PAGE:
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4 may 2010
L'affaire Saint-Fiacre is an early Maigret where the detective does even less to solve the crime than his usual "method" dictates. And in fact, there's technically no crime to solve. The plot consists of Maigret showing up in his old home village and sitting around while several of its present inhabitants become extremely testy with one another. Stylized almost to the point of absurdity, L'affaire Saint-Fiacre still delivers quite a wallop in an overdrawn, obsessive way.
Maigret returns to his boyhood home because the police have gotten a tip: there will be a crime committed during the first mass on All Souls' Day. He goes to the mass, and the dowager Countess Saint-Fiacre promptly drops dead in her pew.
There's been foul play, but, as I said, no crime. The Countess has died of whatever it is people die of when they read an appallingly forged newspaper story advising them of their beloved son's suicide. The Count turns out to be perfectly alive and not at all suicidal. But he's broke, and that's the problem: various grasping types have attached themselves to his mother's estate, and now one of them appears to have provoked her death.
And now for the spoiler, if a brief note on a book published in 1932 can properly be said to contain spoilers. The "killer" turns out to be Émile Gautier, son of the Saint-Fiacre régisseur. A régisseur is – well, I suppose the English word is "bailiff," in the sense of someone who manages the accounts of a landed estate. We really don't have them in the United States, or haven't since slavery times.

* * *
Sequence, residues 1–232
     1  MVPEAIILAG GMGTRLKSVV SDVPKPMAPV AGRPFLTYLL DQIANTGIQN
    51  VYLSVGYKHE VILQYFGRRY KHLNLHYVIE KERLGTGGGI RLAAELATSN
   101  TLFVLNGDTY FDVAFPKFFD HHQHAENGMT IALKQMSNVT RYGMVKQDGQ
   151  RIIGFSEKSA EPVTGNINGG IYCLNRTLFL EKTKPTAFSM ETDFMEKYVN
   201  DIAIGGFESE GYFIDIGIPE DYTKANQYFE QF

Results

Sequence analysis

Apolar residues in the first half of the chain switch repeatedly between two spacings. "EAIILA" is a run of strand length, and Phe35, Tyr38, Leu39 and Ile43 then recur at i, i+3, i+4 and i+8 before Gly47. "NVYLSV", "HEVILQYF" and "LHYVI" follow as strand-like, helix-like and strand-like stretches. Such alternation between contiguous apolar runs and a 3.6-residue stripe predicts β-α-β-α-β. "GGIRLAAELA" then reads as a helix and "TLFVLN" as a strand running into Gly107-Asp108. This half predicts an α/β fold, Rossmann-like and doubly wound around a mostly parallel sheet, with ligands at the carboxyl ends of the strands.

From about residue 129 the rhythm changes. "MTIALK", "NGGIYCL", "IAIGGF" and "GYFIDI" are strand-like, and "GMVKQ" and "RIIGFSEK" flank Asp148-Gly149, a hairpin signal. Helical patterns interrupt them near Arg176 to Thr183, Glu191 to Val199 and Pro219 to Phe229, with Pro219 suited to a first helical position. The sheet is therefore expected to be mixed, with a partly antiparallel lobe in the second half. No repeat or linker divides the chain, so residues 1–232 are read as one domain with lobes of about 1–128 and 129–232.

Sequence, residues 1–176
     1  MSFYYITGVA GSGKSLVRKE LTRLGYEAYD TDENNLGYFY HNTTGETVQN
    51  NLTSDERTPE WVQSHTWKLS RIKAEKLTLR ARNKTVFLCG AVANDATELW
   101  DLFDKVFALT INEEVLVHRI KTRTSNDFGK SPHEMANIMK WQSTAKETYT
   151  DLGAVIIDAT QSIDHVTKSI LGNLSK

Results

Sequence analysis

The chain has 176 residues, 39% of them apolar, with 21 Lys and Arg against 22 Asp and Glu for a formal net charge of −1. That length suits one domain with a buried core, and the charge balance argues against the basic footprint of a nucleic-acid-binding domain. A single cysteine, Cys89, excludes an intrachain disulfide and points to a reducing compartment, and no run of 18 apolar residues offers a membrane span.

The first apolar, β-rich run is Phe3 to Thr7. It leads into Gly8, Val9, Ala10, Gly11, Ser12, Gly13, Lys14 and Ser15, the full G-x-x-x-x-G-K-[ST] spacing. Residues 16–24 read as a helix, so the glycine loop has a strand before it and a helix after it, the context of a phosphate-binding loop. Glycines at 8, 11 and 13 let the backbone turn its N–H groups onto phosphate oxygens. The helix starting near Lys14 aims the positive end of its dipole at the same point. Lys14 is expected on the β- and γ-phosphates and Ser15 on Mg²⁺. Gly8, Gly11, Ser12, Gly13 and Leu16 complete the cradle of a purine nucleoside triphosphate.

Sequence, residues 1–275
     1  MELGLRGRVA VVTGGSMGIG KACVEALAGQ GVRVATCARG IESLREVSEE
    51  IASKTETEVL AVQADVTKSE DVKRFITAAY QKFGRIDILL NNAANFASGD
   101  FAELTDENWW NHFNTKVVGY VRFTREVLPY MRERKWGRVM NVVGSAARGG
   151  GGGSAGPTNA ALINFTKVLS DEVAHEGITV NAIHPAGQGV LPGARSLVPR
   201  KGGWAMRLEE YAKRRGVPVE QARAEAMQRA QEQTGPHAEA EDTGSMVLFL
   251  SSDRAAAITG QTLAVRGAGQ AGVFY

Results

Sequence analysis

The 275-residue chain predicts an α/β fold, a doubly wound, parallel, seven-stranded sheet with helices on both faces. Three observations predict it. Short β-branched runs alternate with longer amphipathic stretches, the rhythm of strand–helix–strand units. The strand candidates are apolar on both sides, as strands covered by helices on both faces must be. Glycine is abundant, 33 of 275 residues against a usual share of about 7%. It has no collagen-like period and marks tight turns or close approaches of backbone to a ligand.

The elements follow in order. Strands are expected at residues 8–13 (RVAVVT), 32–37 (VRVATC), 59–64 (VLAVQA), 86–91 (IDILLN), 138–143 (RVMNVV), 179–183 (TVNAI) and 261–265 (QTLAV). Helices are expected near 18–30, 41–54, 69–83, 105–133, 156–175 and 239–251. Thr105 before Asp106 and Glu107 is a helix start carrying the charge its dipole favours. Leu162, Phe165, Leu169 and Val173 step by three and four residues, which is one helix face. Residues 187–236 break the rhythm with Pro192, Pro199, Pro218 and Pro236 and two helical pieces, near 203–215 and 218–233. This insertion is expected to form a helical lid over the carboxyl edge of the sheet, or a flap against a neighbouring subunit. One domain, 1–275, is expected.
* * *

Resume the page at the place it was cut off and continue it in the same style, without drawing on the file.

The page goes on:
The thing about this régisseur, however, is that Maigret's father was his predecessor. In other words, Maigret himself is the "son of the régisseur." As the crime is revealed, it turns out to be a crime committed by the detective's own double.
When the Count assembles all the possible suspects for a late-night drinking session and invitation to confess, he remarks that he's enacting a scene out of Walter Scott. More up to date, he's enacting a scene out of Agatha Christie. Simenon is rarely compared to Christie, for good reasons. She was the great postmodern puzzler; Simenon was the master of ambiance, and usually spun mysteries that contain no puzzles at all.
But in L'affaire Saint-Fiacre, Simenon gives us an Oedipally-charged situation with continual postmodern redoublings and foldings-back. The poor Countess spends most of the novel dead and undressed in an upstairs room as her son struggles with various gigolos and parasites. But the Count is a bit of a gigolo and parasite himself. Meanwhile, Maigret had spent his childhood with a serious crush on the then-young Countess, and grown up envying the Countess's debonair son, who's now a burnt-out waste of space.
Simenon doesn't underline any of these redoublings, but since the novel has no particular detective plot and only the phoniest of suspense, its energy comes almost entirely from the Christie-like device of having a detective discover that he's responsible for the crime. Well, not Jules Maigret himself, but his doppelganger; and in many ways it's a crime, a violation sprung from jealousy, that at a certain juncture in his life the young Maigret might not have minded committing. Like Jules, the young Émile has made his way in the world, and seems to have been thrown clear of the wreck of the Saint-Fiacre estate. But he keeps getting pulled back home – like the great detective himself.
Simenon, Georges. L'affaire Saint-Fiacre. 1932. Paris: Presses Pocket, 1992.